The bigger issue the engineer may not realize is the amount of work accomplished for the energy consumed.

    On a good day mid to high 20% efficiencies for wet rotor circs (wire to water) If some circs are running way off curve they may be turning 10% or less of the electrical energy into fluid movement. That's where it starts to look silly.

    At the end of the day, I'm sure the building will be comfortable, and a show case for "Americanized hydronics" the engineer will smile, knowing this.

    hr
    Bob "hot rod" Rohr
    trainer for Caleffi NA
    Living the hydronic dream
  • Question

    Let's say you've done your homework, all your pumps are sized correctly and run intermittently as the heat load requires. How would the breaking down of the electrical load into small pumps compare in usage to a single pump with zone valves set on delta P? Wouldn't it be somewhat comparable?

    BTW, I see Johnny used the new Taco wireless pumps. Sweet! ;)
  • NPSH

    Cavitation will be the issue that will just never go away. Net Positive Suction Head. Shame on Taco if they were involved.
  • Rollie Peck_3
    Rollie Peck_3 Member Posts: 24
    Many pump job

    John:

    Since you are the only one that knows the history and the details of this job, I'm curious to know how many pumps
    and/or zone valves you would have used if you had designed
    this job.

    Over 5000 square feet for three people! Such waste.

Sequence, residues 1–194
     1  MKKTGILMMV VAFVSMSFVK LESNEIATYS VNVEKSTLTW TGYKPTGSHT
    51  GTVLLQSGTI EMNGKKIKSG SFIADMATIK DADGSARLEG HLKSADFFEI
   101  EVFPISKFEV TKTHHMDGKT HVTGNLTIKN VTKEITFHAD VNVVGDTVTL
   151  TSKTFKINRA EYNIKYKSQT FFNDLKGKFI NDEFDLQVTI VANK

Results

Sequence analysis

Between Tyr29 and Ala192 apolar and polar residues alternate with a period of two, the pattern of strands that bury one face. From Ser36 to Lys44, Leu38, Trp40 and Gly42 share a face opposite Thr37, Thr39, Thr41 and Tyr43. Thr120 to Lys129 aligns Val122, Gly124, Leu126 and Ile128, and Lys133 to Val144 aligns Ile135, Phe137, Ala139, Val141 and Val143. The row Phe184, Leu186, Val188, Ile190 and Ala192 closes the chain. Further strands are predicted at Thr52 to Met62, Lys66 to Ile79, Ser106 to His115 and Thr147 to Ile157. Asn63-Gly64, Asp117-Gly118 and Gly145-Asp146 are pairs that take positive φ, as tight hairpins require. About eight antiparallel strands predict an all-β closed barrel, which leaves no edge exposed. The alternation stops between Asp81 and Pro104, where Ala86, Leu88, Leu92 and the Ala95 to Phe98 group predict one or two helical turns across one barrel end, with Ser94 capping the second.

Rollie Peck

    Homeowner
  • Mad Dog_2
    Mad Dog_2 Member Posts: 6,767
    Its VERY easy to knock John from the Stadium seats.........

    John, like many of us here is "IN THE ARENA" ...in The GREATEST City in the world too! Go get another bag o' peanuts guys...You done good John! That which does not kill us....(including these ninnys) makes us stronger. Mad Dog

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  • Charlie from wmass
    Charlie from wmass Member Posts: 4,314


    Job was well done and yet another debate over engineer ideals and actual real world engineering. I am sure if John had more say in the design the engineer would have made less money as it would not have looked as impressive. As far as pump orientation goes it is in the installation instructions as being OK. You know the paper that Taco puts in each box is not packing material. Cavitation is only going to be an issue if the pumps are all on at once, and they have room to pump away full flow.